I’ve spoken before about religious issues in divorces. They can be contentious. What about religious issues regarding children in divorces (or when a child is born to unwed parents)? Parents from different religions or even different religious traditions within the same religion often agree upon how the children will be raised. But what happens when they do or can not?
That is the topic of a recent case out of Connecticut. Adam and Lori Breiner divorced in 2017. In the divorce agreement, they were to raise their now teenage children in the “Orthodox Jewish tradition.” The parents left that phrase undefined. As in any religion, there are different levels of adherence even within various denominations.
Consequently, the parents disagreed about what exactly that meant. (After all, that’s how these disputes get to court.) The father did not think the mother was following Jewish orthodoxy, as the mother had her new boyfriend sharing the former marital bedroom with her while the children were present.
Mother argued that “she has continued to raise the minor children in the Orthodox Jewish tradition, but that the defendant’s attitude has been rigid and fails to recognize that the children have established their own religious identities. Furthermore, the defendant is imposing his level of religious observance upon the plaintiff and the children, causing great anxiety and strain for the children. Lastly, the plaintiff argues that the defendant seeks to control both the plaintiff and the minor children, alleging that the defendant has undermined their religious observance to their great distress.” (from the court decision)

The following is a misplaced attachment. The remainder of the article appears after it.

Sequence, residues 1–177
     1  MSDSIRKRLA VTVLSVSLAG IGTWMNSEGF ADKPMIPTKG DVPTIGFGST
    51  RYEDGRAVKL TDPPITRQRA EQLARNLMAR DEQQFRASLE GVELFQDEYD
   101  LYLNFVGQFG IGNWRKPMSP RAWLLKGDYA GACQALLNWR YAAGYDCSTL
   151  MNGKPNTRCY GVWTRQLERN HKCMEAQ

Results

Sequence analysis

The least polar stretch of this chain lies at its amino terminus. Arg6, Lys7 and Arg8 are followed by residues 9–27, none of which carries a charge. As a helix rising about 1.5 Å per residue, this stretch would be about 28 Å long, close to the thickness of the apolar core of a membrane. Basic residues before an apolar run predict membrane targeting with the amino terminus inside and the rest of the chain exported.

The father filed a petition with the court to enforce the divorce agreement. This puts the court in a tough position. Freedom of religion extends from the First Amendment of the US Constitution and similar clauses in most, if not all, State Constitutions through the Establishment Clause (the government cannot establish or enforce a religion) and the Free Exercise Clause (people can freely exercise their religions without interference from the government). So the court punted by saying that while the parties agreed to raise their children Orthodox Jewish, the court could not rule what Orthodox Judaism is or what is meant by the term.
While this is an unpublished Connecticut case, New Jersey law is largely similar. The parents should agree on how the children will be raised from a religious perspective. Otherwise, the court may look into how the child(ren) was raised during the marriage or relationship, or what the parties had discussed before the birth of the child(ren). Or they may not rule at all leading to two different religions or religious interpretations done to the child(ren). Ask if that’s the best thing for the child(ren).
The religious upbringing of the child(ren) is a discussion topic in mediation. Please contact me about mediation (or learning more).